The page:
Written By Souki Fournier | November 4, 2021 | 4 minute read
Home inspections are ordered by buyers during the purchasing process and performed by licensed professionals. Thorough inspections uncover potential safety hazards before parties sign off on the sale.
Inspections usually take a couple of hours, during which the inspector looks for issues with the foundation, HVAC, plumbing, and electrical systems. Homebuyers are encouraged to attend the inspection so they can ask questions and check out the home in detail.
Once complete, the home inspector will take a few days to create and send the written report.
Certain repairs are fairly common, especially in older homes. However, no home is perfect, and even newer properties can have problems like:
Roofing issues can vary in severity. Still, they’re issues that should get addressed as soon as possible. But repairing a problem with your roof, whether it’s severe hail damage or a small leak, doesn’t come cheap.
Peeling paint might not sound like a purely cosmetic issue, but it can pose a threat to the sale of your home—especially for older properties. That’s because homes built before 1978 may have lead-based paint, which is considered a safety hazard.
Broken handrails—whether inside or outside—are another hazard inspectors look for. It might seem insignificant, but with millions of injuries related to stairways reported each year, it’s something that can stop a home sale in its tracks.
Outdated electrical wiring issues include things like not having the right number of circuits, damaged wires, and poor outlet connections. These are all things that need to be up-to-date for the property to be within code.
These are just a few of the issues commonly found during home inspections, and it’s important to remember that homebuyers and banks may require repairs before closing the sale. However, if the repairs are too expensive—or too severe—the deal can fall through.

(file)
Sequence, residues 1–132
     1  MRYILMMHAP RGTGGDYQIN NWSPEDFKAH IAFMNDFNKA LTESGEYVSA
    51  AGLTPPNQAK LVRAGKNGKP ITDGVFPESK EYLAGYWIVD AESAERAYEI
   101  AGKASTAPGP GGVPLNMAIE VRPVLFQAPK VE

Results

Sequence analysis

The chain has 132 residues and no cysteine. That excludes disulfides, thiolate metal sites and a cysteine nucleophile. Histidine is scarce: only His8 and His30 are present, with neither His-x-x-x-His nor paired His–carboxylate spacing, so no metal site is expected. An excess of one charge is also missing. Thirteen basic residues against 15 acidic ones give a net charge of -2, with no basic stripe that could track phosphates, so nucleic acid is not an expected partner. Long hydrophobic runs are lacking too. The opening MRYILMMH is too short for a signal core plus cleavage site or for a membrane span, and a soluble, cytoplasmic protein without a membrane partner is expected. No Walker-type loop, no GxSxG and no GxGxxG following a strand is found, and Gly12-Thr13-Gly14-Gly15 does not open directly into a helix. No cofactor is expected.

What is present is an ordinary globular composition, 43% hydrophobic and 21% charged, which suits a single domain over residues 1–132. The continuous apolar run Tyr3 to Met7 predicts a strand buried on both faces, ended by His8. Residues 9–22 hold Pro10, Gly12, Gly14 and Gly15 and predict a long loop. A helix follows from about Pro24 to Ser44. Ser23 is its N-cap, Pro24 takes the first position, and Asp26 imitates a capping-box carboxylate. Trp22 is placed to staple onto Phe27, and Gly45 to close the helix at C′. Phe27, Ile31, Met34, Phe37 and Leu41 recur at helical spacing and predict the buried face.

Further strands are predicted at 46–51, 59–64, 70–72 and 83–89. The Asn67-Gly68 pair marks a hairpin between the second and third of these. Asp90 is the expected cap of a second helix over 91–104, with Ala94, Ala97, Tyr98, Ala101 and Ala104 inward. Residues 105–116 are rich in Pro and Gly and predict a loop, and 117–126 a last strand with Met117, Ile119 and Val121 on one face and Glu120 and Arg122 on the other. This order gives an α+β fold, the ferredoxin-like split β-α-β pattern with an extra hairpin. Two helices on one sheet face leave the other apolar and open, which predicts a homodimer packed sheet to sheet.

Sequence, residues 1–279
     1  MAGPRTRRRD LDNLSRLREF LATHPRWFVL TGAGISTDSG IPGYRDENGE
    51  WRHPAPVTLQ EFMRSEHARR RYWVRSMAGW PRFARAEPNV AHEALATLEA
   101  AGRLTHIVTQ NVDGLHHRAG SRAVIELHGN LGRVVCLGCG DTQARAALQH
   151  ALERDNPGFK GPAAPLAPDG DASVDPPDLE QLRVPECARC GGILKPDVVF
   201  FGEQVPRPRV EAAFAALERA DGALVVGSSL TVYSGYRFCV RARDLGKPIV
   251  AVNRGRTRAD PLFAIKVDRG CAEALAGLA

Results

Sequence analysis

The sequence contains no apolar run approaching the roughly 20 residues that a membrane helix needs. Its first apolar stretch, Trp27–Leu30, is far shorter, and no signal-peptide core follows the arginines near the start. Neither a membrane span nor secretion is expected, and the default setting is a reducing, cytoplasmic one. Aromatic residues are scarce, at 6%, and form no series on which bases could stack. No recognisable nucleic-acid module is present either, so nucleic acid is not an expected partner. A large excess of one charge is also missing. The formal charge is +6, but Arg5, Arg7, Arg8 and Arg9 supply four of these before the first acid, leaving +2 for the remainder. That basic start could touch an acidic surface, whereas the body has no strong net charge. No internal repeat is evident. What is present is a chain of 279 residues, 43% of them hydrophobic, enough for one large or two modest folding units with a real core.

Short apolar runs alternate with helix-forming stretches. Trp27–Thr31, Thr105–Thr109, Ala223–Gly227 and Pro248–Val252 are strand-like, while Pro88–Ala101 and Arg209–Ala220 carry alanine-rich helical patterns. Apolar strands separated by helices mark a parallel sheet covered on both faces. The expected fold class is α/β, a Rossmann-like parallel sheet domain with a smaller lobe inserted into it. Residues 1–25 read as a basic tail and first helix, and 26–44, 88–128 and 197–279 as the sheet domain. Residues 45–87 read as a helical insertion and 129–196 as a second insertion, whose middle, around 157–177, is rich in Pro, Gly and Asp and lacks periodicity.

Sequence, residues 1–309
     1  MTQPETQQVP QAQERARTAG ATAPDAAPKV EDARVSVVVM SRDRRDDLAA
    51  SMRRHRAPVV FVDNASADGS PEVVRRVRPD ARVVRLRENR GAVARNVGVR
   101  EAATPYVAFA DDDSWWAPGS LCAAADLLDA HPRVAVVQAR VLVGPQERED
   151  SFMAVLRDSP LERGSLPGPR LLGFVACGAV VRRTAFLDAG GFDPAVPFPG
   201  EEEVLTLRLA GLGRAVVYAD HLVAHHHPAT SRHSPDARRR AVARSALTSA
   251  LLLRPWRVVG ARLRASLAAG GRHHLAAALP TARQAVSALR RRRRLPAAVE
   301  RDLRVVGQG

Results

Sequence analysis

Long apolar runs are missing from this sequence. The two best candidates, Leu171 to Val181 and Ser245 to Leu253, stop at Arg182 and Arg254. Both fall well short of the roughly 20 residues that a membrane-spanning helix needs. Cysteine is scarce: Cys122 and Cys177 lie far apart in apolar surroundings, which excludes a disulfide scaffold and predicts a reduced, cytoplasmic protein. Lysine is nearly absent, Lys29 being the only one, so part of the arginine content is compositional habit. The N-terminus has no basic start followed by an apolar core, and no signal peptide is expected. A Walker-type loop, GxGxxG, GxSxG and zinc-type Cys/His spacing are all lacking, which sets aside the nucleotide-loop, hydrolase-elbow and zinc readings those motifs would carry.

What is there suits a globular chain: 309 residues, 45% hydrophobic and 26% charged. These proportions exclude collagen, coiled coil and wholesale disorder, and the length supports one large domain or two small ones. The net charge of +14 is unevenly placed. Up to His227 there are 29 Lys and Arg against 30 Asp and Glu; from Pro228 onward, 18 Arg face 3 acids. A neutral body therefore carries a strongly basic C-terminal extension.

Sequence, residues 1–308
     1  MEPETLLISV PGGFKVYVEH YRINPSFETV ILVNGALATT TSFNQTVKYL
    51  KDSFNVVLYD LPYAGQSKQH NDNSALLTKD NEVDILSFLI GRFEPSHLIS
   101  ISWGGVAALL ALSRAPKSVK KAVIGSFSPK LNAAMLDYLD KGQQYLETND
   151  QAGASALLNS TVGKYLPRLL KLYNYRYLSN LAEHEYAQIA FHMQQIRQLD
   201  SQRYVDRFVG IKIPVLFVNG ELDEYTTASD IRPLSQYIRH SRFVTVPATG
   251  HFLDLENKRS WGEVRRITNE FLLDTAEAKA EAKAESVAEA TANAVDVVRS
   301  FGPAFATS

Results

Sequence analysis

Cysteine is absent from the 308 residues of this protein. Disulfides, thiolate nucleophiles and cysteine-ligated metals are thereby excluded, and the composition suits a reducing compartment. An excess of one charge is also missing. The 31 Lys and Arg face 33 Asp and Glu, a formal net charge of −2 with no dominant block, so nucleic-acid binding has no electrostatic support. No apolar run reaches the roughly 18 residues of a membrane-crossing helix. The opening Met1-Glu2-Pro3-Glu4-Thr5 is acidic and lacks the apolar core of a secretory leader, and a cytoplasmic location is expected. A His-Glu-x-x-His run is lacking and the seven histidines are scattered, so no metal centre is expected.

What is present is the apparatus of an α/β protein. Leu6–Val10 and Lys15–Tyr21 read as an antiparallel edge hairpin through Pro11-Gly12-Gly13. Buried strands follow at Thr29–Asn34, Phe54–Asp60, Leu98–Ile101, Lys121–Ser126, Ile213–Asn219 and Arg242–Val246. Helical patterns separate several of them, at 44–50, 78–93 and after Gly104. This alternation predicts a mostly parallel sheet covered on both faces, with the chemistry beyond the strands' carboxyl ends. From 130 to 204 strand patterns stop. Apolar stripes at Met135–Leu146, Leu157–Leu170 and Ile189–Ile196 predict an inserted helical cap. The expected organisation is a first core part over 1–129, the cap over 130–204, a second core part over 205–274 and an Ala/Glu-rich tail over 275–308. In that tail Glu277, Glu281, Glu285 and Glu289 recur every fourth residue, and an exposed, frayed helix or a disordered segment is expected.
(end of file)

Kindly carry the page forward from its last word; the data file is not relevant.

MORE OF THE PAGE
But proper negotiations may help you close the sale, even if repairs are needed.
In general, expect homebuyers to request repairs or lower the asking price. Both scenarios will introduce negotiations, and there are three ways to approach this: make the repairs, offer a repair credit, or bartering.
The first option would be to make the repairs. If you decide to go this route, make sure you gather multiple bids for each job to find the best contractor. Once you pick a contractor, make sure the buyer agrees that the repairs are acceptable.
Lastly, you want to make sure the repairs align with local laws and building codes.
If you don’t want to make the repairs, you have to be willing to provide a discount. You can do this by offering repair credits off the sale price or closing costs. This will save the buyer money, allowing them to take care of the repairs on their own once the sale closes.
If neither option works for you, try striking a deal by bartering. This means offering to leave behind things like refrigerators, washers, dryers, and other high-value appliances.
You can even go beyond appliances and barter with furniture or other items like lawnmowers or tool benches. Get creative and find out if there’s anything of value in the home that the buyer is interested in.
What if none of these negotiating tactics sound like a good fit for your situation?
Negotiating can be stressful, and it can also wind up costing you more time and money.
That may affect a traditional sale. Even if you simply don’t have the time to dedicate to getting bids, hiring contractors, and overseeing repairs, a cash offer is an excellent option.
Fortunately, there is an alternative, and that’s selling your home for cash. These types of transactions allow you to sell your home as-is and avoid making any repairs. Not only that, cash sales close quickly, and won’t get drawn out like selling it on the market.
Are you interested in finding out what you can get from a cash offer? It just takes 30 seconds to see if Simply is right for you. Request your offer now!
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